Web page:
You have just enough time to drop in to see how things are. Storms have been rolling through and the temperature has dropped. The road is wet as you drive in.
But the rains won't bring up the lake like they have the river. It's a longer and longer walk to the water.
You launch at the channel and try the upper end of the south lake.
There are fish tucked in along the shoreline, but only the young and foolish seem inclined to take a chance on a big muddler.
Then a nice fish rises with a splash up in the weeds behind you. Your instincts tell you it's the big Brown you've been looking for.
But you'll never know.
You drop the muddler up tight to the bank, wait a moment or two, and there's a rise like a sinkhole right under the fly. Maybe you tighten a fraction of a second sooner than you would have if you weren't thinking about big Browns. But you feel the hook slide off the jaw and you come up empty. You come back half an hour later but there are no second chances this time.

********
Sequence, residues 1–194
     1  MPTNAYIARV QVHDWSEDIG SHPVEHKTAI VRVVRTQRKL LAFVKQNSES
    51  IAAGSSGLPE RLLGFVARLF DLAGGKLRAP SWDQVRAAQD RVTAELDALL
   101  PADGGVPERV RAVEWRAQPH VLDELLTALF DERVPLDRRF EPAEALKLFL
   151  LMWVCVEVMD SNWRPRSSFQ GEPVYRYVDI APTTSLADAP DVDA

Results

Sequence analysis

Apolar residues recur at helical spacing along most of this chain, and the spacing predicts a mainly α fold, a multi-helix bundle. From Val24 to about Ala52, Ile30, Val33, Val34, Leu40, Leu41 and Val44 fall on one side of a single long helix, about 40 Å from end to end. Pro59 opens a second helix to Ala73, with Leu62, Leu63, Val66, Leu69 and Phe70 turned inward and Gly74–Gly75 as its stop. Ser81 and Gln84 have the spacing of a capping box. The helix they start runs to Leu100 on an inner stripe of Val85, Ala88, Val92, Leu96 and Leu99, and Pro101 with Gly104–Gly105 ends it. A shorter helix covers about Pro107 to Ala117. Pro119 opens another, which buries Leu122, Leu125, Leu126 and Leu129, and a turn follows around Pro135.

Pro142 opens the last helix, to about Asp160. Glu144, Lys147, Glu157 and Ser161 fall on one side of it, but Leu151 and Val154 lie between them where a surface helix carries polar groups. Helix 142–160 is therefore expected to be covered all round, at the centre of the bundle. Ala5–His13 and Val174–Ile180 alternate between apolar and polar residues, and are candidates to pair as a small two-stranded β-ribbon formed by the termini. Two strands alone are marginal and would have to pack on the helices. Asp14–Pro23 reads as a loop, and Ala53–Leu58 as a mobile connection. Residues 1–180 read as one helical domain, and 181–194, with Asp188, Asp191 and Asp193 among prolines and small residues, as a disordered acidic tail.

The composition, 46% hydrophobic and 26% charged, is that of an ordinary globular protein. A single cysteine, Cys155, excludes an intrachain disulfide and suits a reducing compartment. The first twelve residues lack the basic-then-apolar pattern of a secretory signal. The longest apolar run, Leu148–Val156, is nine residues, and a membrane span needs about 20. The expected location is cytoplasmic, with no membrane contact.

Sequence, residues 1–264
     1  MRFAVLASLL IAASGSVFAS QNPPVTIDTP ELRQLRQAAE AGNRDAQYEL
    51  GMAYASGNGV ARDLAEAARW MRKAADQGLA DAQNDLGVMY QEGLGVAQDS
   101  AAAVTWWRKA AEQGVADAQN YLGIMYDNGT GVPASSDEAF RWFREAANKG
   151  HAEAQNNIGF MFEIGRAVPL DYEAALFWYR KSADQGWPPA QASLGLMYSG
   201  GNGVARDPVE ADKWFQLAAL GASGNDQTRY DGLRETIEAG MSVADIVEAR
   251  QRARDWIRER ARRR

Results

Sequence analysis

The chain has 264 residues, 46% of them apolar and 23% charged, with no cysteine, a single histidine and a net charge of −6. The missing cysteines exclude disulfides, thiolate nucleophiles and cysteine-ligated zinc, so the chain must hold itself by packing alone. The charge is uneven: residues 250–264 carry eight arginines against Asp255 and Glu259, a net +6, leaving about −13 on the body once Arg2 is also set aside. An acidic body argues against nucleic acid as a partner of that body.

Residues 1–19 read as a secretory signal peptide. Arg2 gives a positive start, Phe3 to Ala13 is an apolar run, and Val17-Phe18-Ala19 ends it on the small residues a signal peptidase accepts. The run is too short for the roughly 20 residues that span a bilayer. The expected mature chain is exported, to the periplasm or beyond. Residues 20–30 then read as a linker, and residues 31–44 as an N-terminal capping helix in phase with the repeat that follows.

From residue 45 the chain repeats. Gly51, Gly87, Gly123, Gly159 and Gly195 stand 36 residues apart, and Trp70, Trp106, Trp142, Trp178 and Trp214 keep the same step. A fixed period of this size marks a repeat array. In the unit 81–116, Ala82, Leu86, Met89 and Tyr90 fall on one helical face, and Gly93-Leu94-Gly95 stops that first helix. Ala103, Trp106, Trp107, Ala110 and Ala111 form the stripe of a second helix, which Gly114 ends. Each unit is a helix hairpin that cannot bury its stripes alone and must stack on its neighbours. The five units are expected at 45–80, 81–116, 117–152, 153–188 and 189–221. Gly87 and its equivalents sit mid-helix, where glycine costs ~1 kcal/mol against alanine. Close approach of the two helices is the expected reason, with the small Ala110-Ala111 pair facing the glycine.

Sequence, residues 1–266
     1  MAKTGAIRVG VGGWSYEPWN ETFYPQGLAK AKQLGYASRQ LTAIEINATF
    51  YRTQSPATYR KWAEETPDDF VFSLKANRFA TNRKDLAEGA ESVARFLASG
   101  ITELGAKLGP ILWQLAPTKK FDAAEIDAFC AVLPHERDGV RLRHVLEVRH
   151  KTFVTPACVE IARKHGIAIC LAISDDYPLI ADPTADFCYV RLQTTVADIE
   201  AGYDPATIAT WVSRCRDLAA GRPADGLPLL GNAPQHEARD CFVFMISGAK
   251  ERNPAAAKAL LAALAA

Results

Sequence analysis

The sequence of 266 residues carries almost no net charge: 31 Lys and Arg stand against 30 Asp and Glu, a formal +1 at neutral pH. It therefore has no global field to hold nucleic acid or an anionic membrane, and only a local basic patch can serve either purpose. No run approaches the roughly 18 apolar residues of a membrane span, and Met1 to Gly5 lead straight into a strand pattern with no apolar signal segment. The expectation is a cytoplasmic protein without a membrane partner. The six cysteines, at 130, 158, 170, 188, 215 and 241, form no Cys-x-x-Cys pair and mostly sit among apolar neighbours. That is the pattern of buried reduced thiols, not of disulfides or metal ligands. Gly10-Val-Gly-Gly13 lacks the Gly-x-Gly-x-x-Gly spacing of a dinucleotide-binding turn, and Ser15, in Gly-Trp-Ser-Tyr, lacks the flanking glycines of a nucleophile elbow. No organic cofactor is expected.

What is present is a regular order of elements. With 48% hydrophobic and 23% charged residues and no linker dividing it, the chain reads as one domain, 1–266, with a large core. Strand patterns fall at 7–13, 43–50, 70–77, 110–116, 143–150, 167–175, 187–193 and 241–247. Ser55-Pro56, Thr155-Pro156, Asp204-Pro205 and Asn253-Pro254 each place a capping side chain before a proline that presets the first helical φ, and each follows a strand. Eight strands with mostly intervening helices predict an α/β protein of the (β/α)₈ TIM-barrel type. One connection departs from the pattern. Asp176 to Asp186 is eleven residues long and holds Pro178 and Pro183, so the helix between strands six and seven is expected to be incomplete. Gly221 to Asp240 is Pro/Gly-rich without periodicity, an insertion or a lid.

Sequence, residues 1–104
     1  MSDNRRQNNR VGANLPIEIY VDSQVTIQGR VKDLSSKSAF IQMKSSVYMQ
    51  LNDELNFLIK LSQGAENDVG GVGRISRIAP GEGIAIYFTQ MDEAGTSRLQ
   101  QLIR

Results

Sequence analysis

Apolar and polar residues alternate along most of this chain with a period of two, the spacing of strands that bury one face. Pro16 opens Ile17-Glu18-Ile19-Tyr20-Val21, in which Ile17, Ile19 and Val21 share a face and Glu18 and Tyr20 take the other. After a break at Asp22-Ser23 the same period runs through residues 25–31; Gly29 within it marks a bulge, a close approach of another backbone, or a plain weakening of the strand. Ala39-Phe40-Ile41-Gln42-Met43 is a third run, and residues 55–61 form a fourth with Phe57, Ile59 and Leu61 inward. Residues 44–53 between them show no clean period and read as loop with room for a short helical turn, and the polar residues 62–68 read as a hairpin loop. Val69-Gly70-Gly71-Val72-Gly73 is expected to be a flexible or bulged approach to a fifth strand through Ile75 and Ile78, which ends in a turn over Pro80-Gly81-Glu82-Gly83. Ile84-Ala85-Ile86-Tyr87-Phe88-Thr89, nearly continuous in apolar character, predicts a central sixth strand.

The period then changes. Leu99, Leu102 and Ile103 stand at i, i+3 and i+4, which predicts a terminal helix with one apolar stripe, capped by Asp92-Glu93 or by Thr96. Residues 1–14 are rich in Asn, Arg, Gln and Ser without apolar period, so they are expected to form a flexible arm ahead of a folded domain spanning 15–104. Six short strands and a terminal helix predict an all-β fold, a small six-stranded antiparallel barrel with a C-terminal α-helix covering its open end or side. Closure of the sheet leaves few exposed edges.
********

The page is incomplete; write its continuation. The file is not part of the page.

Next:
You find another young and foolish fish.
And then, on the kick back to the truck, you find a fish not so young and foolish. You're satisfied with that. It feels like a bonus after blowing your chance at what you're convinced by now was a very big Brown.